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From Jeff Duvall: (Scuttlebutt 2774) With respect to those who think that there should be an end to the around the world races because some boats suffer failure's. I ask why?

Only be pushing the envelope and perhaps risking lives would we ever have such remarkable achievements that we have had over the years? If you ask any of the sailor's out there who accept the risk and challenges why they do it, I am sure that not one of them has any regrets about putting themselves in harm’s way.

Only by pushing ourselves as individuals do we truly achieve greatness from within. I for one applaud all those who go forth and live life as opposed to those who sit on their bums waiting for life to come to them. How boring that must be.

It is those men and women who have inspired me to face a challenge's head on and truly experience life to the fullest. So the better question is not why "they" are doing it? But more importantly why aren't you?

From Charlie Clifton: Jeff Duval's call to be "pushing the envelope and perhaps risking lives" is fine as long as the only life being risked is his. If he wants to jump over 47 busses on a motorcycle, the EMTs who come to scrape up his remains encounter little risk. But when he calls for rescue 1,000 miles from shore in 40 knot breeze with 20 foot seas because he was racing as fast as possible in a boat barely strong enough, he puts at risk the lives of people who may not share his spirit of adventure. That is the answer to his question, "I ask why."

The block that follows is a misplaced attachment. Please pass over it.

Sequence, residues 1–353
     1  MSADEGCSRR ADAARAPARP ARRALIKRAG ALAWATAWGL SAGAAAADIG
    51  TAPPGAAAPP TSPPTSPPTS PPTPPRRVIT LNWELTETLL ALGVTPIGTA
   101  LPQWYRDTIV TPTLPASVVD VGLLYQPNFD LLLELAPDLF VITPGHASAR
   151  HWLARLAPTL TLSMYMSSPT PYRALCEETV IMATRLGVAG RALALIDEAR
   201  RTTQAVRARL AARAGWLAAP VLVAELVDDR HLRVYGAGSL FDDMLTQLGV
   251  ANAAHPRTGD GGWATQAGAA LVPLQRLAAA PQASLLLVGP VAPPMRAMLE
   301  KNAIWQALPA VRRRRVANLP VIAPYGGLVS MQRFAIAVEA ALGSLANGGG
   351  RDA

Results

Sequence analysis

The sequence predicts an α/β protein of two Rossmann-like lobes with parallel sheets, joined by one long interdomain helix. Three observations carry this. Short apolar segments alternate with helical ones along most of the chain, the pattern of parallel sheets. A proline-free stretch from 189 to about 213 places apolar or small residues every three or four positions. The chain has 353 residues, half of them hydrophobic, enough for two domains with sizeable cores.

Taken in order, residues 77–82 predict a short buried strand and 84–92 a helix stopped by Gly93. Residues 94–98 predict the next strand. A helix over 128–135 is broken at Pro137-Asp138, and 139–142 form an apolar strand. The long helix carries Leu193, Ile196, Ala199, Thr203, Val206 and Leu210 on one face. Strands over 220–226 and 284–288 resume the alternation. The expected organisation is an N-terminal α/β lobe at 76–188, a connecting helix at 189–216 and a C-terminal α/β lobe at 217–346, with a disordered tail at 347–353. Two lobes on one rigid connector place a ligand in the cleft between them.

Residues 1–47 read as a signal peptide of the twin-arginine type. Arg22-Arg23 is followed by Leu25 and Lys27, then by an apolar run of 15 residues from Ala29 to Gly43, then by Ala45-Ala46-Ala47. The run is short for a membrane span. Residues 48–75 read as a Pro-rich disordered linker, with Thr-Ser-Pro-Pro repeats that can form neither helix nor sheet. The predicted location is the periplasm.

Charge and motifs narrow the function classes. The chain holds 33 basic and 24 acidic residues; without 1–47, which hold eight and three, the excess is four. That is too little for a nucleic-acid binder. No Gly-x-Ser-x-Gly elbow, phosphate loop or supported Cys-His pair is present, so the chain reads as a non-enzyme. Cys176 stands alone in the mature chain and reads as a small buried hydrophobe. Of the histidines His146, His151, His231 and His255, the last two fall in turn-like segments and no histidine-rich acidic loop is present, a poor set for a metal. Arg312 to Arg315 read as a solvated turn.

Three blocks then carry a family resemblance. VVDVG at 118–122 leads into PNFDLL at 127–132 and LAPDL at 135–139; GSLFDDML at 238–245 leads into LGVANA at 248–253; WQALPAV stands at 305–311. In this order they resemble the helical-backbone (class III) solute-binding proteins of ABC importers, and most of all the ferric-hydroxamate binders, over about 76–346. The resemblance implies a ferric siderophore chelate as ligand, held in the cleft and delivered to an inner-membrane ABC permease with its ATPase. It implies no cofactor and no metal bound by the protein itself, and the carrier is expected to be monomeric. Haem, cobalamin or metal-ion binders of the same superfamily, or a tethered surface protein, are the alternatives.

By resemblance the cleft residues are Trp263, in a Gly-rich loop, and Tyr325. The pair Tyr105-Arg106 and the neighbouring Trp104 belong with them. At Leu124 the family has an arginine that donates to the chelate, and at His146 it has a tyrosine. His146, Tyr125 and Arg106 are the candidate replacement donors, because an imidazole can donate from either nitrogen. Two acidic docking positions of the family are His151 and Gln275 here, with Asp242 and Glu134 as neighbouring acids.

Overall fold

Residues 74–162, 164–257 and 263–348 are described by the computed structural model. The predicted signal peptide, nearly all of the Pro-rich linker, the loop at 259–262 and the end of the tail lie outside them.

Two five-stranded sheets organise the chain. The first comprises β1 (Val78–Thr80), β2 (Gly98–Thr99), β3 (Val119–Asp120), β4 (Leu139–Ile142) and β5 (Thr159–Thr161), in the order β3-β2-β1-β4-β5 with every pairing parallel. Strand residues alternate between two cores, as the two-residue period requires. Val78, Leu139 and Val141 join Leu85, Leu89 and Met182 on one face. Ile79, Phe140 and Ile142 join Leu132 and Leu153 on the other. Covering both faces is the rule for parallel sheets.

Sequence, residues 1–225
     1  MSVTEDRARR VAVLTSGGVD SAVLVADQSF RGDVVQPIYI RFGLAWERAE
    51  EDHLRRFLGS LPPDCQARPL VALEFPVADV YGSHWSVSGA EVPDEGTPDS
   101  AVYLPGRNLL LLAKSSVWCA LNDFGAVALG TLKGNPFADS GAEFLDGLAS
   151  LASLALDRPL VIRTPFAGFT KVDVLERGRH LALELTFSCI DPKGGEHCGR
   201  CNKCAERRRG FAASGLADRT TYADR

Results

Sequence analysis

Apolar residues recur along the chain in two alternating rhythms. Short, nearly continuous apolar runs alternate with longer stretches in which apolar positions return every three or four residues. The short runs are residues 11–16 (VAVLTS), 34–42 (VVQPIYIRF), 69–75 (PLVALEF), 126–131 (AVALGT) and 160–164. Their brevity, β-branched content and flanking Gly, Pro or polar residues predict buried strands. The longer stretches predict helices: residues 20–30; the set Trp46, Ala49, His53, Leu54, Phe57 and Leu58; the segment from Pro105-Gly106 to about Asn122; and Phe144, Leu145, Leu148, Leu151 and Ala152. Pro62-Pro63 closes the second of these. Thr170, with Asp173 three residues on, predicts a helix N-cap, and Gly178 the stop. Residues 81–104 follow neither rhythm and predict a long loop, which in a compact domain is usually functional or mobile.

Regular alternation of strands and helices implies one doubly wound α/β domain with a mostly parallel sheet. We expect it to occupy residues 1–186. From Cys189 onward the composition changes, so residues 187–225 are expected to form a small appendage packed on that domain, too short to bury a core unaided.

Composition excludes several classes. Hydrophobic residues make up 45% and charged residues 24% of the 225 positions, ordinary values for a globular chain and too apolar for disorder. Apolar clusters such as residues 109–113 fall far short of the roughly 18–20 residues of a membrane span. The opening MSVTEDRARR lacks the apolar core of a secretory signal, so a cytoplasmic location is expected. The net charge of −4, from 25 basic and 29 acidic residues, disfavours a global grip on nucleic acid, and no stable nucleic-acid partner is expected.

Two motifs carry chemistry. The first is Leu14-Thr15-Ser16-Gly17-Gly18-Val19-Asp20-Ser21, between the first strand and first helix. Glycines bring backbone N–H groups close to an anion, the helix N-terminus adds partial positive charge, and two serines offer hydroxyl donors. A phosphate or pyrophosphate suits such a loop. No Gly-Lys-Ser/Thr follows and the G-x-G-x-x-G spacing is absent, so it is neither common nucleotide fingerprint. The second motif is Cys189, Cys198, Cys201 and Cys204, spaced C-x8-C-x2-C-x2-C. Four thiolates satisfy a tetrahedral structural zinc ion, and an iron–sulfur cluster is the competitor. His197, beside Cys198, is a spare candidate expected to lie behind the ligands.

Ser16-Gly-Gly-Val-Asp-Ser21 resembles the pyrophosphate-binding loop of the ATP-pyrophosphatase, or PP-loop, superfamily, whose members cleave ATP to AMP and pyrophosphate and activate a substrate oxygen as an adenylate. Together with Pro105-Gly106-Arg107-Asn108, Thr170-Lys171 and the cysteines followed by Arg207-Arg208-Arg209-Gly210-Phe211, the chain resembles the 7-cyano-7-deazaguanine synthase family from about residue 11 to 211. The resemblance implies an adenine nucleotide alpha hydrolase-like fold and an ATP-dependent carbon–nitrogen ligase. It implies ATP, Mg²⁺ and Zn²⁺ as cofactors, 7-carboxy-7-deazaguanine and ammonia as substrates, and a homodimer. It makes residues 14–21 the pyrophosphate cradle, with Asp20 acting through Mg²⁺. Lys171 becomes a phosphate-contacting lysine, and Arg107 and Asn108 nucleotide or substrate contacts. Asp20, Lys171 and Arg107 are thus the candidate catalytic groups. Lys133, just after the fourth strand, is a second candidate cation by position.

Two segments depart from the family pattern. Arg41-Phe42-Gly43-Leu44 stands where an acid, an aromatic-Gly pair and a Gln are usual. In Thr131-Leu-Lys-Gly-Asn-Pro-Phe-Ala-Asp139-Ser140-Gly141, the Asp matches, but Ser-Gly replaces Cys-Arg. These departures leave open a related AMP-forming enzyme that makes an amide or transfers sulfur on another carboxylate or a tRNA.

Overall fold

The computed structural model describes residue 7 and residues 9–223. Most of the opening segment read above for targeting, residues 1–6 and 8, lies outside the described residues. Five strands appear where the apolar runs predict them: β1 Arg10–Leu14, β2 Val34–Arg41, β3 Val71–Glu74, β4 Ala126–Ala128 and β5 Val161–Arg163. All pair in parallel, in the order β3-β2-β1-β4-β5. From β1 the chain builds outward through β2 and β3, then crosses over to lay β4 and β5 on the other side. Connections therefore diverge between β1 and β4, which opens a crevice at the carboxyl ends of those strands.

The Publisher
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Feb 18, 2009, 6:13 PM

Post #5 of 8 (14001 views)
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From David Foscarini: (Scuttlebutt 2775) Speaking as an “armchair” navigator, I find the discussion of the new route of the VOR interesting. The route was known for over a year before the race started so should not have been a surprise. The route is the same for all the competitors. If I remember correct the comments back then were about the challenge of the “upwind” leg. Upwind sailing is a huge part of the average sailors experience, why should it not be part of a major ocean race.

Before we bash the course should we not bash the teams including designers for not being prepared for the rigors of the course? It seems there are still “new design” problems with the boats in general. I guess knowing when to “throttle back” or even duck and hide are skills that have to be practiced like any others.